The weather has been pretty hot up and down the country in the UK in recent months it’s fair to say. In actual fact, pretty hot is putting it lightly to say the very least. Anyone that works outside would probably appreciate how some brickies felt when their boss told them not to wear shorts at work, even though it was a whopping 26 degrees Celsius. What would you do if you were told the same? In a hilarious twist, perhaps you should take a leaf out of those brickies books..
The brickies were told they were not permitted to wear shorts, even in weather so hot that it was uncomfortable for them to work in jeans and other work trousers. The brickies, who were based at a construction site in the town of Chertsey in Surrey, almost contemplated looking for other work until they found a way around the ruling with a truly ingenious, and let’s face it, funny move.
Brickies Find An Ingenious Loophole to the Ruling
Proving that there is more to brickies than meets the eye, they discovered a way round, what they saw as unfair rules, by using the gender equality regulations to their benefit. How did they do it?
The clever chaps turned up to work wearing a stunning array of women’s summer frocks and dresses. As well as using the gender equality regulations, they also took inspiration from stories involving schoolboys who have done similar at their school, where similar rules have been upheld about wearing shorts.
The fellas, who were working at Bellway Homes construction site, turned up wearing an assortment of dresses and skirts. Simon Miles wore a denim skirt belonging to his wife, stating that he was going to find another job and that many of his colleagues were really finding it uncomfortable and difficult to work in jeans. That was until he and the rest of his workmates realised that as there were female employees that worked in the office on site who obviously wore skirts and dresses, that they couldn’t possibly do anything if the brickies did the same.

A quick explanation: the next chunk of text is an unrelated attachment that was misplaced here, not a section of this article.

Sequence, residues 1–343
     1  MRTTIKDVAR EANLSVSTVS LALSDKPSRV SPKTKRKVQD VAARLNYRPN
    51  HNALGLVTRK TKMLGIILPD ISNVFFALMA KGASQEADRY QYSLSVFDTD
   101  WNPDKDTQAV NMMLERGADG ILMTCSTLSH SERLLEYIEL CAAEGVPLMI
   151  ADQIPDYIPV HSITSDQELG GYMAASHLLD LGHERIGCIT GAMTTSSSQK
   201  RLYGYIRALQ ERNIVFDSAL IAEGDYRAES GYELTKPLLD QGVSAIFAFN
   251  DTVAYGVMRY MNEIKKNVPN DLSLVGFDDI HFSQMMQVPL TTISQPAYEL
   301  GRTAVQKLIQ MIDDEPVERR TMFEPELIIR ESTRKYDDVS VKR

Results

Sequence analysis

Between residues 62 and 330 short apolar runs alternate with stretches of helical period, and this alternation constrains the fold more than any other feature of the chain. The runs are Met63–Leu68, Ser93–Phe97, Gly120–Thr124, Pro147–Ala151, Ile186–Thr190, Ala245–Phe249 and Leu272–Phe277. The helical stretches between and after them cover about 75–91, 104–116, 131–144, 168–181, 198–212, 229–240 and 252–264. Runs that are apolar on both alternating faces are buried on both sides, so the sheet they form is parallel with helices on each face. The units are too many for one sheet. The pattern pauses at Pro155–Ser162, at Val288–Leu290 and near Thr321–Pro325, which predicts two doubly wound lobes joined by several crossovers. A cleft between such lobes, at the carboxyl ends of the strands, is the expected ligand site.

Bricklayers Loved Their Skirts and Dresses
Adam Houdoire, one of Miles’ colleagues opted for a budget option of a supermarket £10 dress. Houdoire curiously said something we never thought a bricklayer would say about woman’s clothing – that he loved it and felt that it gave him a lot more freedom to work more comfortably than he would have been able to in jeans or other forms of trousers.
In a strange reversal of roles, Miles also noted that he had been wolf-whistled by a man, suggesting that he had never experienced that before. Joking aside, we feel that this funny little tale gives insight to a more serious issue. If bricklayers and other construction site employees have to work in hot climates and we want them to do the best work they can, does it not make sense to allow some leeway with regards to the health and safety regulations.